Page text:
As discussed in Chapter 2, model checking necessitates a formal representation of a system prior to verifying it. Essentially, this involves creating a formal model of the system using any of the modeling languages available (e.g., Promela, petrinets, a process algebra, an automaton) [3]. However, the modeling language used significantly influences the properties of the model rendered. For example, the concurrent constructs of a system cannot be mapped into its model using an automaton.

A petri net (PN) is a mathematical modeling language and a graphical tool for the description and analysis of concurrent, asynchronous, parallel, distributed, nondeterministic, and stochastic systems [12]. As a graphical tool, it offers elements to create the formal representation of a system. Then mathematical analysis techniques can be used to render the behavior and properties of the system represented. Such analysis usually involves a computer-based tool for automation.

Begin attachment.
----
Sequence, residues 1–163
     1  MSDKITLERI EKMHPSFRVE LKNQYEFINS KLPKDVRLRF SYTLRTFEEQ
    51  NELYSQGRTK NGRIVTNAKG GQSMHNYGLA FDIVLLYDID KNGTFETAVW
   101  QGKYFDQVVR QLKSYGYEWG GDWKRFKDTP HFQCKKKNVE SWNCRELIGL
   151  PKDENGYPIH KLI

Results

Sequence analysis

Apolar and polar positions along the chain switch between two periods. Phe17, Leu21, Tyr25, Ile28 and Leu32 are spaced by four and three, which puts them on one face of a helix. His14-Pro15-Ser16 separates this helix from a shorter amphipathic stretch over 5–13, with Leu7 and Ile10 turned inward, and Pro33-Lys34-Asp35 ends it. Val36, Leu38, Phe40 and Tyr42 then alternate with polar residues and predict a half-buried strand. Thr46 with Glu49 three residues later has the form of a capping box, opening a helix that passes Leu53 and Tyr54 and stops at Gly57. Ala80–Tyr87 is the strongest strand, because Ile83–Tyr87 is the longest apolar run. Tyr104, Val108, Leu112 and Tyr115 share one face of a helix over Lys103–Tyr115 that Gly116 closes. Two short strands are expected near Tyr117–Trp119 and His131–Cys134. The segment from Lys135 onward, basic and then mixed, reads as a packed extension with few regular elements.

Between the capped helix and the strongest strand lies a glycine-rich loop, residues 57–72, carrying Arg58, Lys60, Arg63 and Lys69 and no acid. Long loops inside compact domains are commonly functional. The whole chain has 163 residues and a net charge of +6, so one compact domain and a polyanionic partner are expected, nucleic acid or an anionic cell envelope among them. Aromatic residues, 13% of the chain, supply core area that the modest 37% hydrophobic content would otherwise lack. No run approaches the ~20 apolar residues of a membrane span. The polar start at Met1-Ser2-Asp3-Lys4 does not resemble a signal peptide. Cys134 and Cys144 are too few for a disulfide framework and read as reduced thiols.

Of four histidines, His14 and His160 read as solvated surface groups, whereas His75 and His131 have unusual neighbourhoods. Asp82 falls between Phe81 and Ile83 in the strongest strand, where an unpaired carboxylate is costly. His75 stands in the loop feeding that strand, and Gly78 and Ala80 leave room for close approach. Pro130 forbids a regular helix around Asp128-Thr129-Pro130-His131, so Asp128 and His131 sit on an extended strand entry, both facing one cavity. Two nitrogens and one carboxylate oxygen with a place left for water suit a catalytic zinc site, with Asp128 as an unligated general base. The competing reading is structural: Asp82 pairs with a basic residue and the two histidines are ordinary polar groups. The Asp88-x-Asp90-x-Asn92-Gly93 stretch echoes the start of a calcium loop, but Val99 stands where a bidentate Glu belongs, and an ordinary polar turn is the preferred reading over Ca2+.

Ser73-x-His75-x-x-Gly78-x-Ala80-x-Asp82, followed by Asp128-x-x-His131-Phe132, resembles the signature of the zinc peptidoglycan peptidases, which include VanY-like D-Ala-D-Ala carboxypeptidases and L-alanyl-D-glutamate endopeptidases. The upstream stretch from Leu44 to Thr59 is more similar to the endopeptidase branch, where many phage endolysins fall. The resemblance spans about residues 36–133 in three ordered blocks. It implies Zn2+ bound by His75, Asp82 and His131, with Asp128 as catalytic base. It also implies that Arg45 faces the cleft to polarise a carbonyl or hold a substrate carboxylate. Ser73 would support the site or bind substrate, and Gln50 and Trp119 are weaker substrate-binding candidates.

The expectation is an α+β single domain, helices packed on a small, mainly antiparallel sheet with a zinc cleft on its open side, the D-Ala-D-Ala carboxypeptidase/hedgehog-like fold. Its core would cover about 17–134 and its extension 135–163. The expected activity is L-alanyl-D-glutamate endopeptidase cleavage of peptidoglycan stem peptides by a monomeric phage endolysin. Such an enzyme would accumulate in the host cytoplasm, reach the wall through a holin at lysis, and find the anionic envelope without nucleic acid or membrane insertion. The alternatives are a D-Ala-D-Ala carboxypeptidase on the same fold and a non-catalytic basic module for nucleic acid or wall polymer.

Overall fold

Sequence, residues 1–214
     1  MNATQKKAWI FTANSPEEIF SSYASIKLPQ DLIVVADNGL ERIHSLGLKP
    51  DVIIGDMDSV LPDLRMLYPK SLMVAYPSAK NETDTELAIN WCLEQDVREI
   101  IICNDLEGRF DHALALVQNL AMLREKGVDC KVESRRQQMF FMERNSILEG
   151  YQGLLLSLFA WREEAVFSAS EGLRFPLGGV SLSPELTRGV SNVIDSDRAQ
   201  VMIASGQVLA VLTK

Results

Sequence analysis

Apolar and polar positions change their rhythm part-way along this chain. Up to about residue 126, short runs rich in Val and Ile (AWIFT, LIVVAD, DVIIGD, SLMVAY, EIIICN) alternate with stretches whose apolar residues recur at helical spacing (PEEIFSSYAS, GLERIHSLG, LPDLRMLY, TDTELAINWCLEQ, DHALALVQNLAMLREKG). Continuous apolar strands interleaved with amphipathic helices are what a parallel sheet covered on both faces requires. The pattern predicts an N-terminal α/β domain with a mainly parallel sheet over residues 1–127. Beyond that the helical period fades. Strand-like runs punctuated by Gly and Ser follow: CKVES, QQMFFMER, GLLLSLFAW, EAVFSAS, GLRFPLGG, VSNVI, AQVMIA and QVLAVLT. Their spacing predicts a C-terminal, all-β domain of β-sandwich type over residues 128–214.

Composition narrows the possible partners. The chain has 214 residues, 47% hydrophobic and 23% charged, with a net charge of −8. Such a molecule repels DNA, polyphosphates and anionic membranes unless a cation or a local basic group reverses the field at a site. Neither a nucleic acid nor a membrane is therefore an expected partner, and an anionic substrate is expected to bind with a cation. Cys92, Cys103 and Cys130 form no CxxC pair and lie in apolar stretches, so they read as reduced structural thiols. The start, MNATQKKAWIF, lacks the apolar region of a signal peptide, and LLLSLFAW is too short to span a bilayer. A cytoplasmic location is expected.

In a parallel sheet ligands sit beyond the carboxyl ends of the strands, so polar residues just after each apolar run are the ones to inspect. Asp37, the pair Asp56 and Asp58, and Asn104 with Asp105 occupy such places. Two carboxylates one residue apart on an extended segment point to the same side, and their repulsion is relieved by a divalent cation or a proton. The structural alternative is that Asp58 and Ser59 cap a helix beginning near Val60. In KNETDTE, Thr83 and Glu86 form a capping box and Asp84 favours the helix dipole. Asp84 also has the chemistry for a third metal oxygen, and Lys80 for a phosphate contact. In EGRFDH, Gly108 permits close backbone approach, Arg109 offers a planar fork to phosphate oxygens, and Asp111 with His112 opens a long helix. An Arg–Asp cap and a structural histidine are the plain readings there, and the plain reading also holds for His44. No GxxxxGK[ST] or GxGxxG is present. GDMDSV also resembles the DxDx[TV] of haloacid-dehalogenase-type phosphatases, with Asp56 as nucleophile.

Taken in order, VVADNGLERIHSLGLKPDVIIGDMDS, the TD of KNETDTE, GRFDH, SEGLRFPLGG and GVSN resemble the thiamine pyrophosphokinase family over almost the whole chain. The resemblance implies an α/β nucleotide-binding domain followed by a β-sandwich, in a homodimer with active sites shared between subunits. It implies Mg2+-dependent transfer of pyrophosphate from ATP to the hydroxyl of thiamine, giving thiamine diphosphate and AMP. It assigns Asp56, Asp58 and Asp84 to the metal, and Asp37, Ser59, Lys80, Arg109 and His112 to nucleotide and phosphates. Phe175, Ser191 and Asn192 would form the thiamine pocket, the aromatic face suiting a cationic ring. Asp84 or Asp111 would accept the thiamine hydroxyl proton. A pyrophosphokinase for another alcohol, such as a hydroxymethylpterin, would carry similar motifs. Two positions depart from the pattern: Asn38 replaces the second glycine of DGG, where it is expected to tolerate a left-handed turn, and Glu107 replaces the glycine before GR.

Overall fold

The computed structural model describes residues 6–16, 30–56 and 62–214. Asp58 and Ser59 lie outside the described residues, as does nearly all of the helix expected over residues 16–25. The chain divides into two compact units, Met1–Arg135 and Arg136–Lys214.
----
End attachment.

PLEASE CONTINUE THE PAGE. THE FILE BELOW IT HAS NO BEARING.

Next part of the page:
Petri nets are directed bipartite graphs that consist of places (circles) and transitions (rectangles) connected by arcs. The tokens (black dots) in the places define the state of a petri net. Events associated with a transition move the tokens between adjoining places along the arcs. Petri nets have been widely used as a design language for the specification of intricate workflows [16], owing to their graphical nature, expressiveness, formal semantics, and analysis techniques.

FIGURE 3.1 Petri net model ...

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